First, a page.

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The situation is similar to what we used to do as kids, take a vertical wood dowel, with a ring magnet placed at the bottom, and another ring magnet opposing it, floating on top.

More precisely, it would be a round or square magnet, levitated over a similar magnet fixed in place on the bottom. The levitated magnet would have horizontal and rotational motion constrained, so that only vertical motion is allowed.

The Levitated magnet is then hit so that it oscillates vertically. The levitated magnet also can have a weight placed on it.

I'm 30 years past my last college physics class and lack the background to approach this problem analytically. I've tried several experiments to get a handle on it from a practical standpoint, but can't explain what I'm seeing.

I guessed that adding more weight on top of the levitating magnet would decrease the period. But it appears to have little or no effect. (I suspect what's happening here is that the magnets get pushed closer together, and that somehow offsets the increase in weight)

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  • $\begingroup$ Could you show what work you have done? $\endgroup$ – Asher Apr 13 '16 at 1:20
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You are kind of on the right path here. The forces between magnetic poles are not linear but are increasing roughly with a Coulomb kind of law: https://en.wikipedia.org/wiki/Force_between_magnets.

If we linearize such a force of the form

$F(r) = {{F_0r_0^2}\over {r^2}}$

around an equilibrium position $r_0$, then we get

$F(r_0+dr) \approx F_0({{r_0^2} \over {r_0^2}} - 2{{r_0^2dr}\over {r_0^3}})=F_0(1 - 2{{dr}\over {r_0}}$),

i.e. the first order restoring force term $-2F_0{{dr}\over {r_0}}$ gets stronger as the equilibrium distance decreased due to adding the weight. The increase in "spring constant" compensates for the increase in mass and the frequency of small oscillations stays roughly constant.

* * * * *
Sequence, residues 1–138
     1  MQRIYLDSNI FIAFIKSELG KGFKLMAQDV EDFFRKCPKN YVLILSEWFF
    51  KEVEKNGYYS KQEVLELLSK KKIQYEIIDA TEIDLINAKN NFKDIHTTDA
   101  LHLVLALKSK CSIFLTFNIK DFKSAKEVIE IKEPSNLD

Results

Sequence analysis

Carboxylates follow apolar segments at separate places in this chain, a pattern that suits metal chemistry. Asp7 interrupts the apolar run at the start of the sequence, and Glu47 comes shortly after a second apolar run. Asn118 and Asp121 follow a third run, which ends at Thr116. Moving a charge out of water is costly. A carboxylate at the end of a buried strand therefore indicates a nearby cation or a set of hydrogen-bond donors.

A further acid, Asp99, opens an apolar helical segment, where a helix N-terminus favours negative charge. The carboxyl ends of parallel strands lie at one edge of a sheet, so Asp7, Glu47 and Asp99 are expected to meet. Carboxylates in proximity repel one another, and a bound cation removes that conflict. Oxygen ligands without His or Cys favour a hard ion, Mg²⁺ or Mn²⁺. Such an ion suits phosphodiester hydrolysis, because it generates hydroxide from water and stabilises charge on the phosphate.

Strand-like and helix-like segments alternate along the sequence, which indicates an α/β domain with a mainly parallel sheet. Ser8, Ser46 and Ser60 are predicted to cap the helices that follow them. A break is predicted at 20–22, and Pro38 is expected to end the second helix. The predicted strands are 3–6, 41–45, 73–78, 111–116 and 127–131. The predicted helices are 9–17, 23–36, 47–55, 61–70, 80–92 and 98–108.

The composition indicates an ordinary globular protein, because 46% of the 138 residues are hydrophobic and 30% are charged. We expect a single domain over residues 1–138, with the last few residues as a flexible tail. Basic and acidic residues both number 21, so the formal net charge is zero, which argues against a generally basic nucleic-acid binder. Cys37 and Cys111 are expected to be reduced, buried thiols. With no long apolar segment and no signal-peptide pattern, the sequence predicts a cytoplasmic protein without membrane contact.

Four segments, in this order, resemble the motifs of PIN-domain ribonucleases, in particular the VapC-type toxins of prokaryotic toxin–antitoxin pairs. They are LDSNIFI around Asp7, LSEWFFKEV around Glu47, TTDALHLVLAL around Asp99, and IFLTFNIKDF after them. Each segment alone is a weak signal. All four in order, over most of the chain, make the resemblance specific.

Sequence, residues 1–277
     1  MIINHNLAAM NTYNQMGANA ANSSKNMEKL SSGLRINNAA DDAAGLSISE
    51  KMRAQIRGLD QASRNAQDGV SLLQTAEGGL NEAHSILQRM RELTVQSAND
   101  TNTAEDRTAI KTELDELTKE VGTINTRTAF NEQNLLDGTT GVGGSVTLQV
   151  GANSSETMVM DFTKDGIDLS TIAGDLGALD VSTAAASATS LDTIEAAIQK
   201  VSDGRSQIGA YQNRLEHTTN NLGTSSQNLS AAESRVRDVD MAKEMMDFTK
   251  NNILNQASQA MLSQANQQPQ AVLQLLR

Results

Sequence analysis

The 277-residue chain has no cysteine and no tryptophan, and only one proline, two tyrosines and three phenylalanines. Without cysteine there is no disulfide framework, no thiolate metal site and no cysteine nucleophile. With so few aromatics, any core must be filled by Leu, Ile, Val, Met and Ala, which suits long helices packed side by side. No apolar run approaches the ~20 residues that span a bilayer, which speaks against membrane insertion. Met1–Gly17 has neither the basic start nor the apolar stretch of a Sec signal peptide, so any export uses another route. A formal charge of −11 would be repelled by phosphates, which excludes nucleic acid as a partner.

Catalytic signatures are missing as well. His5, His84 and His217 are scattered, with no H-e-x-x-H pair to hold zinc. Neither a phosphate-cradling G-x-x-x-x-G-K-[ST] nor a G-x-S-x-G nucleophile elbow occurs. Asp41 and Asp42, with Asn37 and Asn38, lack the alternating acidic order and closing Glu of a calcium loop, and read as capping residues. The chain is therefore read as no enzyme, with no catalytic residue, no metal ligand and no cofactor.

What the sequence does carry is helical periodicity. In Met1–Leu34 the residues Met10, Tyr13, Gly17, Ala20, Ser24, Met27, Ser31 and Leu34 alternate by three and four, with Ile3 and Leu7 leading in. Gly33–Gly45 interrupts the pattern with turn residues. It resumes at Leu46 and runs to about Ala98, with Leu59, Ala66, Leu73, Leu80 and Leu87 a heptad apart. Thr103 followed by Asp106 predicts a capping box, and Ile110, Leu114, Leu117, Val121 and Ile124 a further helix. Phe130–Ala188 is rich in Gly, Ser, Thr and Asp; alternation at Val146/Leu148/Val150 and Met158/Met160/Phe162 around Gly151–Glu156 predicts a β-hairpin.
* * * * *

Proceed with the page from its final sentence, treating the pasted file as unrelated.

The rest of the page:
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  • $\begingroup$ @faradayent: I am still thinking about that one. Intuitively it seems because the stronger magnet on the bottom pushes the top one into a stronger but "softer" field, but I haven't calculated that, yet, and I am not sure that it actually drops out of the $1/r^2$ type potential. $\endgroup$ – CuriousOne Apr 13 '16 at 2:35
  • $\begingroup$ @faradayent: I am still thinking about that one. Intuitively it seems because the stronger magnet on the bottom pushes the top one into a stronger but "softer" field, but I haven't calculated that, yet, and I am not sure that it actually drops out of the $1/r^2$ type potential. The other problem is that this Coulomb type potential only works for the far field of individual poles, i.e. the magnets have to be long relative to the distance, and the distance has to be large relative to the thickness of the magnet, but neither condition is well met. $\endgroup$ – CuriousOne Apr 13 '16 at 3:53
  • $\begingroup$ Thanks CuriousOne. You helped to substantiate what I was seeing. I've figured out another soln to what I was trying to accomplish. I'd like to mark your solution as the correct one, but I don't immediately see how on this board. $\endgroup$ – faradayent Apr 13 '16 at 18:48

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